Shaking the hand of the Austrian president, Alexander Van der Bellen, during my inauguration as Austria’s justice minister in January was a profoundly moving moment for me and for my family. But it was moving also for a great many people who came to Austria as migrants or refugees. To see a former child refugee from the Bosnian war sworn in as a government minister in the country to which her family fled in 1995 was for many hugely symbolic – a signal that they, too, had now been fully accepted as part of Austrian society, with the right to participate in the country’s politics and even to shape it.
But from day one, becoming the embodiment of this acceptance also unleashed a torrent of hate directed at me from the right and from proponents of the far right in Austria. Resentments that had been held down over years resurfaced. In just two months, the Austrian authorities have recorded more than 25,500 incidents of publicly made hate speech and hate comments directed at or about me, from racist insults to calls to go back where I came from. Because some of these messages included credible death threats, the Austrian security services issued me with 24-hour protection. “A bullet is reserved for you,” one of these messages said.
Since then I have been asked if I regretted accepting the job in government, and if I regretted entering a coalition formed between the conservative People’s party and my party, the Greens. On both counts, I strongly believe I made the right call because of the change that could potentially follow – a change we badly need.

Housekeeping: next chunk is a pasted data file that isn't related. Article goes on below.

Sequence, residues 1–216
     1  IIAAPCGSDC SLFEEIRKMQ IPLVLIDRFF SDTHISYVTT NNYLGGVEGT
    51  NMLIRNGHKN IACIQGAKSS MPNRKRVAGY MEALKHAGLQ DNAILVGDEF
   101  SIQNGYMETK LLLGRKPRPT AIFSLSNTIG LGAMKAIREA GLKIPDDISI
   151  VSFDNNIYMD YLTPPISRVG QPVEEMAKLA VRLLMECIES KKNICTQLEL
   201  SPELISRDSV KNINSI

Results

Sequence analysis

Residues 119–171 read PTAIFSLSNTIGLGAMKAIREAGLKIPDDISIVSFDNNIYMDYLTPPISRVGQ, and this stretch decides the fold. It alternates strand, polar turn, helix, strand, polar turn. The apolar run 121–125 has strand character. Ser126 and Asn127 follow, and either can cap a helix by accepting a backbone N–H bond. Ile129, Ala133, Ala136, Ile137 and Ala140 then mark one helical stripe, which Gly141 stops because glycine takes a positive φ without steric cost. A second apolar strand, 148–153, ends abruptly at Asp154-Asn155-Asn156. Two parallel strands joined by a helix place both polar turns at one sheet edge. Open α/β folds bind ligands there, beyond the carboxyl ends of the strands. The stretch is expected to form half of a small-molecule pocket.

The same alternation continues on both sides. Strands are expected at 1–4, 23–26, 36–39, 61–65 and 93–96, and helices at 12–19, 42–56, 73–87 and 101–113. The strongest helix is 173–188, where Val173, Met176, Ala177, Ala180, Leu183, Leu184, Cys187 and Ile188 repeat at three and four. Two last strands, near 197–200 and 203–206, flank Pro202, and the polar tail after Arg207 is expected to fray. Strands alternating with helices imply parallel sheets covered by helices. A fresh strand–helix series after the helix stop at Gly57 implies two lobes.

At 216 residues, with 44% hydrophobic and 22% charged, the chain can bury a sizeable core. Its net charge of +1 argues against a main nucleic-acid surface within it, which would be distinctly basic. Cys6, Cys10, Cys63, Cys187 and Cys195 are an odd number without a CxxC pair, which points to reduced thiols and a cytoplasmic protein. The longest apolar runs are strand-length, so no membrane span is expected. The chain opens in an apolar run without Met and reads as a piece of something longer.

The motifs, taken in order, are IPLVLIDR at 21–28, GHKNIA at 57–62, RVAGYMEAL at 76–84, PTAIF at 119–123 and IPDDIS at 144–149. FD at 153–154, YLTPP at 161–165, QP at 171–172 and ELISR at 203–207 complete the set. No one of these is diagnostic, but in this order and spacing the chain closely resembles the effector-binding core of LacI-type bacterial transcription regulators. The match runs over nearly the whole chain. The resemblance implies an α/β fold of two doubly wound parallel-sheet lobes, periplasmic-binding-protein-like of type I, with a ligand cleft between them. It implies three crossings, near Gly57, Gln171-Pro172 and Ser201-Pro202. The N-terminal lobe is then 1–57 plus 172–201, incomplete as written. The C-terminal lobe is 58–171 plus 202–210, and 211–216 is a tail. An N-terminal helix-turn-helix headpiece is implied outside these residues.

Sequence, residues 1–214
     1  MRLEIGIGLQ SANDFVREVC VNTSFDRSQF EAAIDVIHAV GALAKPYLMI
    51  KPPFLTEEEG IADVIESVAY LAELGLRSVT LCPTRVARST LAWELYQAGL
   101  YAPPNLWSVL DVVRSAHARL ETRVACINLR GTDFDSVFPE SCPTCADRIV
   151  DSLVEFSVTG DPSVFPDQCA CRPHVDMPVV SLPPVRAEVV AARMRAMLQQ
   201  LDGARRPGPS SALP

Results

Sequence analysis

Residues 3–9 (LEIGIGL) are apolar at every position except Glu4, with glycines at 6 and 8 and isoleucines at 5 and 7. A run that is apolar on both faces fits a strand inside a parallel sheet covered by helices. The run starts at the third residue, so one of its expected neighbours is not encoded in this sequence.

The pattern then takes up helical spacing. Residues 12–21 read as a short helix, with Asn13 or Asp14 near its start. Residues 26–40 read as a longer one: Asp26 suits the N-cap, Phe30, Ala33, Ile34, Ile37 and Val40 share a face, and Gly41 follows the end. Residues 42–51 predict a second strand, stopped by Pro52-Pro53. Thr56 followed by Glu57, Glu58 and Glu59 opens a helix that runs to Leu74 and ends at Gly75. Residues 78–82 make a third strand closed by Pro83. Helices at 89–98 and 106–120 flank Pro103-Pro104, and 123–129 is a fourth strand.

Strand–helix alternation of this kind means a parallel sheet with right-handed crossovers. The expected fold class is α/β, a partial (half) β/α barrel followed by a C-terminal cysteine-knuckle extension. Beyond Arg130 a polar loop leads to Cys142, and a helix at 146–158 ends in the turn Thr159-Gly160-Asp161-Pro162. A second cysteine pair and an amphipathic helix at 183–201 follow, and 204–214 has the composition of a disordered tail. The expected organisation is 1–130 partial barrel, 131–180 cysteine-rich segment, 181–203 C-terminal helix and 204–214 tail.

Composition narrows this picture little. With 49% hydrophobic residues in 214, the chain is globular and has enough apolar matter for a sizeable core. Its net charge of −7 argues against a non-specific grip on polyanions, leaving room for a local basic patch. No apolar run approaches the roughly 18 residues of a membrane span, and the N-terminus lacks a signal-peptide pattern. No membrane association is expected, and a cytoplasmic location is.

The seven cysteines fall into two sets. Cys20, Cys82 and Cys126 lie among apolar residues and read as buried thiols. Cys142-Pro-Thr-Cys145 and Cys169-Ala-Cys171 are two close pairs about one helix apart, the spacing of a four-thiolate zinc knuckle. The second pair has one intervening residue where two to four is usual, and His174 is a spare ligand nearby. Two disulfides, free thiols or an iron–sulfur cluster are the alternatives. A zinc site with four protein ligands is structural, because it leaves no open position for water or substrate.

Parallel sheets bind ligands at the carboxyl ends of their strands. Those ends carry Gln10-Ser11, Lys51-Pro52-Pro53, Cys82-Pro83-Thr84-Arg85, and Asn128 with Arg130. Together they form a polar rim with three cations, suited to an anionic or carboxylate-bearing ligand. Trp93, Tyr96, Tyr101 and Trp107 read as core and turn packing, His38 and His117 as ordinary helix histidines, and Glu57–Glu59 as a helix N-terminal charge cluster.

First, it has to be said that, despite the hate, I also received a huge outpouring of support. The silent majority that stands for an open and inclusive society has found its voice. The hate I received was drowned in a flood of solidarity, each message eager to offer the assurance that Austria is inclusive and diverse. It was as if parts of society suddenly dared to break their silence to make a stand for openness. This showed me that only a small – if unfortunately loud – group resents a foreign-born Austrian being in government.
Second, I do believe that it was necessary for the Green party to take up the opportunity to shape politics and enter government. In government we have the power to shape the future in Austria and more broadly in Europe, where we must collectively confront the challenges of our generation and lay the foundations for progressive and sustainable change.
While illiberal demagogy and populism are still on the rise in Europe, threatening our liberal democratic peace and demonstrating how polarised and fragmented our societies are becoming, we have to find ways to bridge these divisions. The fact that we are also seeing Green parties winning parliamentary seats and influencing power across Europe is the most hopeful sign I can think of.
Austria shows the challenges faced. The previous coalition government included the far-right Freedom party, a party that questioned the independence of our public broadcaster and raided the Austrian intelligence agency. All of this was accompanied by xenophobic and antisemitic incidents associated with this party.